Bloemfontein - Five trucks carrying water are on their way to drought-stricken Senekal and surrounding areas.
The bottled water would leave Johannesburg for the Free State on Wednesday, Gift of the Givers Foundation chairperson Imtiaz Sooliman said on Tuesday.
"Today we are meeting with the disaster management team to determine which areas to focus on, but we want to focus more on areas that struggle to get water," he said.
Sooliman said they would provide a water tanker and more Jojo tanks. Water would also be sent to QwaQwa.
Several boreholes would be paid for, if a hydrological study recommended it, he said.
The defence force in Bethlehem, aid organisations, and people from other provinces had been delivering water to residents in Senekal.
The Setsoto local municipality was providing more than 260 000 litres of water a day to residents, which equated to 50 litres per household per day.
Water services manager Thabo Mokhethoa said they were buying it from local farmers for 15c a litre. Farmers were however concerned that their boreholes were running dry, and had reduced their output.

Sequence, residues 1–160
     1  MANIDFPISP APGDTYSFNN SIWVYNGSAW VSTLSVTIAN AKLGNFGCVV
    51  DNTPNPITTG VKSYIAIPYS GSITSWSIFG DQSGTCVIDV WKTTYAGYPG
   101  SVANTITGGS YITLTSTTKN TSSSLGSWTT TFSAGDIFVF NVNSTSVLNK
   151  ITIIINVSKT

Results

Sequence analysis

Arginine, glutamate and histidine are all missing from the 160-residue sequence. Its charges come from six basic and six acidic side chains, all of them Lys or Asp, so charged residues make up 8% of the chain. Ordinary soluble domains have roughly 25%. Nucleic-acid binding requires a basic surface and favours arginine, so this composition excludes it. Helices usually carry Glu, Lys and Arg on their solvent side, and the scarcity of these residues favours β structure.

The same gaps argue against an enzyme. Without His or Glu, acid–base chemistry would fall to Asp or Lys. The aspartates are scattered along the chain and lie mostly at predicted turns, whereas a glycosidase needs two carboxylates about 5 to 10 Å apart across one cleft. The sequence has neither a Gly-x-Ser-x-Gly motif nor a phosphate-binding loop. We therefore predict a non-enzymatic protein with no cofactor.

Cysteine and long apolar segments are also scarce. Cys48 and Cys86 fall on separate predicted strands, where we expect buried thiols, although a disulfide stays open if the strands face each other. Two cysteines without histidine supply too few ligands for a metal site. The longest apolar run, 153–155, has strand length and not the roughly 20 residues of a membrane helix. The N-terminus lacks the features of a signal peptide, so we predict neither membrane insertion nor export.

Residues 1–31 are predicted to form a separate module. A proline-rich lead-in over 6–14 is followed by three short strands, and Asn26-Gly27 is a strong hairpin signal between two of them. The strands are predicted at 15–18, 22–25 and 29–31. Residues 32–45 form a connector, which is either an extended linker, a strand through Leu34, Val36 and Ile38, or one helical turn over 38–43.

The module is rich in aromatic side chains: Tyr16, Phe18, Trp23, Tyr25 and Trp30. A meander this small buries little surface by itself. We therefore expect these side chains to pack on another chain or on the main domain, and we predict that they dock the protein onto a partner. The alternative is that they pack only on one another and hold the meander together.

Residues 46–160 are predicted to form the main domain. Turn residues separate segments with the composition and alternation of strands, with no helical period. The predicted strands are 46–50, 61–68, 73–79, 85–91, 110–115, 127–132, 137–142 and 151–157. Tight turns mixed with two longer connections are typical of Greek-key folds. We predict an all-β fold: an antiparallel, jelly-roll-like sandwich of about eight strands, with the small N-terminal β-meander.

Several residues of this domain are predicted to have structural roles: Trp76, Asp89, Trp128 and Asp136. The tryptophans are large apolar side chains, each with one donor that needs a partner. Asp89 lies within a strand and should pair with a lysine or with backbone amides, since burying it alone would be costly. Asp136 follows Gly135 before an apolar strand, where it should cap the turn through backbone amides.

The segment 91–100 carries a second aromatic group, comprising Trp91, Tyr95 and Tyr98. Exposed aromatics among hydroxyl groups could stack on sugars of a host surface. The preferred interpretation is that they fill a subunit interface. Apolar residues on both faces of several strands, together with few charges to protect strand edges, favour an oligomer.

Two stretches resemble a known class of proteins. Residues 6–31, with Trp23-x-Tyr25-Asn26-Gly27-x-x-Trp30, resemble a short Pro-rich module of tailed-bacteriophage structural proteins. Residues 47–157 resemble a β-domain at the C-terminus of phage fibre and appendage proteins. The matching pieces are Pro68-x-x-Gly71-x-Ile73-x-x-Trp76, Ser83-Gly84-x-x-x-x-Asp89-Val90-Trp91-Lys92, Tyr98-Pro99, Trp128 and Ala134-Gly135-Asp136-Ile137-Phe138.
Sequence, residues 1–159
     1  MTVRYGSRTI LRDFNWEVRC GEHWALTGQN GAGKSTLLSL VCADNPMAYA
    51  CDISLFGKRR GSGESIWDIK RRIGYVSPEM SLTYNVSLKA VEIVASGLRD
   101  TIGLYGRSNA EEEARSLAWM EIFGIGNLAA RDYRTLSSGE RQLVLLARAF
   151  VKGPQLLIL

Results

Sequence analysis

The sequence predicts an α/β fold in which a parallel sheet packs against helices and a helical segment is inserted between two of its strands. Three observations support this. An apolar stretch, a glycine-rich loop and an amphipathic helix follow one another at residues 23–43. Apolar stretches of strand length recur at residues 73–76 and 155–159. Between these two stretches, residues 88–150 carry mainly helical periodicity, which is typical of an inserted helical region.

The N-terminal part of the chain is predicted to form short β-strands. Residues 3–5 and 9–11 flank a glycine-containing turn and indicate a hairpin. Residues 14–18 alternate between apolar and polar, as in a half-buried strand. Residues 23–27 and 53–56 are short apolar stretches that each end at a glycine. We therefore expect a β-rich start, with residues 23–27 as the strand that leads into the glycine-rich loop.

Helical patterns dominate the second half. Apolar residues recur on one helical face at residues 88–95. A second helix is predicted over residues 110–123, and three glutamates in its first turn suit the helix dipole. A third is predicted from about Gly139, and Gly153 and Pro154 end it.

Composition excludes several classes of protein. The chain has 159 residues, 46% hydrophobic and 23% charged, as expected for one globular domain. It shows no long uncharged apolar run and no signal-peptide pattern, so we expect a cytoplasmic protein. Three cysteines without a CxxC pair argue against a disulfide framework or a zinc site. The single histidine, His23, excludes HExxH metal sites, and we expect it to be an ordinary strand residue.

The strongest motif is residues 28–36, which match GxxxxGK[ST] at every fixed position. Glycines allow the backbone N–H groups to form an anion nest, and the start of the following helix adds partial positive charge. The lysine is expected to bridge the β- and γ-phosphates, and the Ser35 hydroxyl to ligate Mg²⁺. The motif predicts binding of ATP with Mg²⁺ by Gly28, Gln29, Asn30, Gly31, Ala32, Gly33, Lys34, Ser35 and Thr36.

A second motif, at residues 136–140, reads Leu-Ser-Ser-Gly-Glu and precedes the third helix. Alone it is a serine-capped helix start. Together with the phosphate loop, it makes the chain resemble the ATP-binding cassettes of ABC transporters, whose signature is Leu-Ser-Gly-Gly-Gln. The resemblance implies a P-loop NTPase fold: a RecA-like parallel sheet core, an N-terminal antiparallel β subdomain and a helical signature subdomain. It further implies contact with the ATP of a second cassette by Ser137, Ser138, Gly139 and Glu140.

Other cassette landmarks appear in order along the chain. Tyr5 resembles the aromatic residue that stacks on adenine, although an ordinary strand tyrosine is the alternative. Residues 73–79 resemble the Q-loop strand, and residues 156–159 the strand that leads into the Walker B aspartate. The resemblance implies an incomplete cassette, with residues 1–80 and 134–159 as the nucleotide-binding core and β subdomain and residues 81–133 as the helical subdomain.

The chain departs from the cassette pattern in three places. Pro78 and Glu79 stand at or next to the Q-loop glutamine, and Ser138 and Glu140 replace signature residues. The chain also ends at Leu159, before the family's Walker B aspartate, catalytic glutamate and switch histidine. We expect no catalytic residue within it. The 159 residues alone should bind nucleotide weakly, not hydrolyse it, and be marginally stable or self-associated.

Senekal residents had complained that 50 litres per household per day was not nearly enough for a family. One woman recently said she lived in a household of 10 people. She was standing in a queue with a baby strapped to her back, waiting for a water tanker.
Dealing with flaring tempers, with no reprieve from the scorching sun, in the Free State town had become a daily reality for residents. Some said they started queuing for water from 03:00 and sometimes wait in line for hours with no sign of water trucks.
Last Thursday, some residents said if taps did not start running with clean water soon they would not vote in this year’s local government elections.
"They want us to vote for them, but when we need help they don’t want to assist at all. We are not voting this year," a number of residents said.
Shops, restaurants, and petrol stations in the town had started putting up signs with the words "no toilets".